The father of a Parkland school shooting victim interrupted President Joe Biden on the White House lawn Monday during an event meant to celebrate a new law aimed at reducing gun violence.
Manuel Oliver, who lost his son Joaquin in the 2018 shooting at Marjory Stoneman Douglas High School in Parkland, Florida, that killed 17, was among those in attendance outside the White House to hear Biden speak.
"Today is many things. It's proof that despite the naysayers, we can make meaningful progress on dealing with gun violence. Because make no mistake..." Biden said when he was interrupted by Oliver.
"We have to do more than that," Oliver yelled from the audience.
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Footage shows Oliver standing and shouting to Biden, who told him to "sit down, you'll hear what I have to say," adding "let me finish my comments."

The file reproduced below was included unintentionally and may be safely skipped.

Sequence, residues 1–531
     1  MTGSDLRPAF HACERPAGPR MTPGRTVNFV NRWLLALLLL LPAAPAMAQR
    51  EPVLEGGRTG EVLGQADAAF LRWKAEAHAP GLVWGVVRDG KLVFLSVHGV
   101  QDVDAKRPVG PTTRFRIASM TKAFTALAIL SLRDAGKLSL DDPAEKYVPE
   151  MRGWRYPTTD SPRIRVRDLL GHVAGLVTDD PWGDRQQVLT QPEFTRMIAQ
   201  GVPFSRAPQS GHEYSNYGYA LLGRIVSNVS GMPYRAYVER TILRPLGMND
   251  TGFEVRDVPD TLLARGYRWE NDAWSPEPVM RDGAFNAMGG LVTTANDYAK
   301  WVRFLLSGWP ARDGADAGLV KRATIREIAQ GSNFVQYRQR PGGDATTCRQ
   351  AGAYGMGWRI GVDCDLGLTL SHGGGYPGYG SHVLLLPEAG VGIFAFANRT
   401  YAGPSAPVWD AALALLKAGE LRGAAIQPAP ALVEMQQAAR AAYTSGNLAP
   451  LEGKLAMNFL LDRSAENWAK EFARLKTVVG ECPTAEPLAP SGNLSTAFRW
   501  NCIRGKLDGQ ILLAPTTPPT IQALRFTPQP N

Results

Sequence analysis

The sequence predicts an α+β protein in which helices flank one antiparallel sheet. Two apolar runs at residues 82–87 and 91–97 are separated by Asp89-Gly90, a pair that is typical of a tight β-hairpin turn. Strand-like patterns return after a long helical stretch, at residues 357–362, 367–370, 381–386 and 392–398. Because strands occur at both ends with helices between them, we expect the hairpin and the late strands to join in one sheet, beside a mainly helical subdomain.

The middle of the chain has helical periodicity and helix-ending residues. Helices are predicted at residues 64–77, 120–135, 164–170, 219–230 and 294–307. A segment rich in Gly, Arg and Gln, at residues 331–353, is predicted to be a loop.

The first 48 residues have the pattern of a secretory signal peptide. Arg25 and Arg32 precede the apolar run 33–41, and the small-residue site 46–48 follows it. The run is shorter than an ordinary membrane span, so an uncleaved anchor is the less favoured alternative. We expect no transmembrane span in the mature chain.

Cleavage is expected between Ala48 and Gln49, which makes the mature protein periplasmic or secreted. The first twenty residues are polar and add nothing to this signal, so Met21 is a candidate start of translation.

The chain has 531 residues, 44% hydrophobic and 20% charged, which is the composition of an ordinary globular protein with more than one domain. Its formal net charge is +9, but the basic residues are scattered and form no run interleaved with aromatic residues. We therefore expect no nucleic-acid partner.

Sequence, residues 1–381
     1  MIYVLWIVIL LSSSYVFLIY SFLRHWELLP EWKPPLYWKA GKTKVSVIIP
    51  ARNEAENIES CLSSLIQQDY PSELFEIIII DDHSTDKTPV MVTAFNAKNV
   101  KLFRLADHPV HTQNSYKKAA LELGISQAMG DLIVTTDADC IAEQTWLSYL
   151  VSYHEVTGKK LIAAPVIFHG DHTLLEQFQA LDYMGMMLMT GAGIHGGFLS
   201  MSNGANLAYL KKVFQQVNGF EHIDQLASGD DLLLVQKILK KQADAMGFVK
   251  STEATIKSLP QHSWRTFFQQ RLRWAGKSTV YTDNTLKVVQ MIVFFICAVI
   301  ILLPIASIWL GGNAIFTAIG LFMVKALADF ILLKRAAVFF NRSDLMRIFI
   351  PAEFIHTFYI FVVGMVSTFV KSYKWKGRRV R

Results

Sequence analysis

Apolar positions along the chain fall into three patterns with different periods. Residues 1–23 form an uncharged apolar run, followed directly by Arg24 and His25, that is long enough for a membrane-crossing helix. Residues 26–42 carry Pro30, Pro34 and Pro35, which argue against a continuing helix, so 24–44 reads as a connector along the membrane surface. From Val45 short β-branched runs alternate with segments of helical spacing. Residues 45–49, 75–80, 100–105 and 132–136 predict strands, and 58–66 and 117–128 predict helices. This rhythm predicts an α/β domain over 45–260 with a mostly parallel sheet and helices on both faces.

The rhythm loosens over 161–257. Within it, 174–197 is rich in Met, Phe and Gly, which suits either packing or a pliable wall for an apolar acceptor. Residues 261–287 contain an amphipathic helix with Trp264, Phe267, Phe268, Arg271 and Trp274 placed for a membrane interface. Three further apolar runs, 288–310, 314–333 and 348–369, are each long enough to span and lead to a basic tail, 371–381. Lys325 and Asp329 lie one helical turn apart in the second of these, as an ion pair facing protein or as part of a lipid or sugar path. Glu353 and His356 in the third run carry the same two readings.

Oliver then appeared to be escorted from his seat.
The new law, passed after recent mass shootings in Buffalo, New York, and Uvalde, Texas, incrementally toughens requirements for young people buying guns, denies firearms to more domestic abusers and helps local authorities temporarily take weapons from people judged to be dangerous.
But the White House event, billed as a celebration of the law, came a week after a gunman in Highland Park, Illinois, killed seven people at an Independence Day parade, a stark reminder of the limitations of the new law in addressing the American phenomenon of mass gun violence.
Oliver spoke with NBC Miami from the White House lawn before the event, saying the law doesn't go far enough.
"It's not enough — we need to keep on putting pressure so they do more," Oliver said.
Oliver's spokesperson, J.P. Hervis, told NBC News that Oliver never thought the event should be a celebration and that it would allow Republicans to claim they had taken action to address gun violence and avoid additional change.
Ahead of the White House event, Oliver tweeted, "The word CELEBRATION has no space in a society that saw 19 kids massacred just a month ago."
Earlier this year, Oliver climbed a 150-foot crane near the White House to mark four years since the Parkland shooting and to bring awareness to gun violence.